One for my boy Big Country.
I’m thinking BCE might not have found that as amusing as I do a cpl-three days ago, when he was deep in the throes of I-wish-I-was-dead-itude. Now that he seems to be on the mend, though, hopefully he’ll get a small chuckle out of it.
Meanwhile, I also ran across a somewhat less recent live Social D vid, this one from all the way back in 1997. As it happens, the BPs opened for ’em on the CLT date of that tour, which took place at the long-since defunct and demolished Tremont Music Hall. After our set, we were hanging with a few buds of ours in our green room when Ness—with whom I had become good friends back when he spent a few months mastering their huge breakthrough release White Light White Heat White Trash in NYC—came crashing in to bitch at me about nobody having informed him we were the support act that night.
“Okay, well, you guys are doing support tomorrow night in Atlanta, right? And then the night after in Birmingham?” “Ummmm, no, Mike, we ain’t on either of those bills. It was just tonight, and we’re done with that already. Sorry, buddy.” He seemed to be genuinely upset at having missed us, even though he’d attended all of our shows at Rodeo Bar in NYC with my friend Kendra in tow over the months he was in residence in the Big Rotten Apple, so was presumably every bit as familiar with our act as we were our own selves.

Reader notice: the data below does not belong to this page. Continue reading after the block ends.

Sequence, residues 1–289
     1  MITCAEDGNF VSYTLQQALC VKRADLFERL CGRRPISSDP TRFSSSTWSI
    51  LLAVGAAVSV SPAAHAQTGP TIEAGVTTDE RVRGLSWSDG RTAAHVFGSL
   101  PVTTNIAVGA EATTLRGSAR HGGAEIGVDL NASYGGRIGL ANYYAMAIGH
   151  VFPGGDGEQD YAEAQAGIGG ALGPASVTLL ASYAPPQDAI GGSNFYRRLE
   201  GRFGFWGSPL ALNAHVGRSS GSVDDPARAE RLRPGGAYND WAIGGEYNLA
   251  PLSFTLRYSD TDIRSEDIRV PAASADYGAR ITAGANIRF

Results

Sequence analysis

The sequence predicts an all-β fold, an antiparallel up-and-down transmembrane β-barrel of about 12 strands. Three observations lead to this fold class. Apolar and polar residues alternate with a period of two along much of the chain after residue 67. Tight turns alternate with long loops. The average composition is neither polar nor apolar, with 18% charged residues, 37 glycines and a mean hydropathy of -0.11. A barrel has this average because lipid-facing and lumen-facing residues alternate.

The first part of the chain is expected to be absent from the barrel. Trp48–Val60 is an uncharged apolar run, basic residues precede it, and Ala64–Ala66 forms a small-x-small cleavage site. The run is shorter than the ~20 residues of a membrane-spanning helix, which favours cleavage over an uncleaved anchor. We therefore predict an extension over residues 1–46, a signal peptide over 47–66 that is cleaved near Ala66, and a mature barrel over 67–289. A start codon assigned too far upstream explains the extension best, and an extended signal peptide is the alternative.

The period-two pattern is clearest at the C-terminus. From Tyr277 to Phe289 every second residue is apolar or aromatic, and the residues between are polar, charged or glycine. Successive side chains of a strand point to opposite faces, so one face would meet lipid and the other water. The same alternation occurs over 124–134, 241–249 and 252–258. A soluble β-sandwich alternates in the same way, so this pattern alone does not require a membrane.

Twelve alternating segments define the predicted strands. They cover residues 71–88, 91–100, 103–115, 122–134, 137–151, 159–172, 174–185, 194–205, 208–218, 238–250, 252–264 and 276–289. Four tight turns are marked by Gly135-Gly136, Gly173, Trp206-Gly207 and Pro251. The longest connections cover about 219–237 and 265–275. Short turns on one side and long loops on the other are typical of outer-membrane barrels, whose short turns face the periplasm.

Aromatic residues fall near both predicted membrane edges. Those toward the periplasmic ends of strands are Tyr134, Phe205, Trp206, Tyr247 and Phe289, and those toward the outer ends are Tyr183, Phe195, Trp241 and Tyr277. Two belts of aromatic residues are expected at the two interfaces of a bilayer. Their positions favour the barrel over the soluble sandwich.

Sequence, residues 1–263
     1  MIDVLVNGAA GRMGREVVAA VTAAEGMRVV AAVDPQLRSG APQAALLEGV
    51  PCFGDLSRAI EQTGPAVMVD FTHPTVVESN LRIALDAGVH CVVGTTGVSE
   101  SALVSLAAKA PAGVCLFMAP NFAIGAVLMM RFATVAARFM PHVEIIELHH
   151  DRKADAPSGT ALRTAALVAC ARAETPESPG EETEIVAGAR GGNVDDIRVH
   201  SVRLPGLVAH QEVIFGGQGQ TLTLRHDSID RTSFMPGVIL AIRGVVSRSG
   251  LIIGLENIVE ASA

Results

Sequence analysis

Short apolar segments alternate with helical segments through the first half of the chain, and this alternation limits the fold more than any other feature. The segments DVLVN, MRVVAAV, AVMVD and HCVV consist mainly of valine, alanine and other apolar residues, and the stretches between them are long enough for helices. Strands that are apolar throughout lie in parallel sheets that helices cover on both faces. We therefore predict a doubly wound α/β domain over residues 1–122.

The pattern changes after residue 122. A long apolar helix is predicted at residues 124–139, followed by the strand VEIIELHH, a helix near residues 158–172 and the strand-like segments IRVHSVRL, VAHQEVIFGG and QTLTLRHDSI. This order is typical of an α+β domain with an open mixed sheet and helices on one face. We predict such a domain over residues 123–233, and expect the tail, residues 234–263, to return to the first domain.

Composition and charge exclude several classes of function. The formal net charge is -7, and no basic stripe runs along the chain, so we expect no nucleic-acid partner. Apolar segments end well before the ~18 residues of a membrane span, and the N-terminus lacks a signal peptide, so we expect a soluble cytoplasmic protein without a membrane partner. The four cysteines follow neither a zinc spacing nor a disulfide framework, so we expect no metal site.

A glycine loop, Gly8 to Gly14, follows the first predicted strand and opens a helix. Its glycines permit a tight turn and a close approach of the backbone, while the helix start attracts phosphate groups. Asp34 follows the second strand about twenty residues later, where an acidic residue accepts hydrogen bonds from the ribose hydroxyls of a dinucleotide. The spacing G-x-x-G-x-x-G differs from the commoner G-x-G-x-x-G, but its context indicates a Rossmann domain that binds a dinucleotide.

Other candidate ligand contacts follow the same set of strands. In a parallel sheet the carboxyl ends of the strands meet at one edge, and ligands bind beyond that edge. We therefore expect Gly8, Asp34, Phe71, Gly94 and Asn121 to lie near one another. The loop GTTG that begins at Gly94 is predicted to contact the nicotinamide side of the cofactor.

This recording is old enough to include what to most Social D fans will always be thought of as the “classic” lineup of Ness, the late Dennis Danell, John Maurer, and a man who is probably the greatest punk rock drummer of them all, Chuck Biscuits. If I remember right, it was the first and biggest of several new-rock radio hits yielded up by White Light White Heat.
Biscuits, a real hard-hitter if ever there was one, got his start with the seminal Canadian punk outfit DOA, following that up with stints with California hardcore icons Black Flag and the Circle Jerks before landing in a little ol’ band called Danzig, a move engineered by producer Rick Rubin at the specific behest of Glenn Danzig himself.
Since I’ve put myself in mind of all that good ol’ punk stuff I used to love so much, might as well subject y’all to one of DOA’s best.
Hard to believe now that we were ever that young.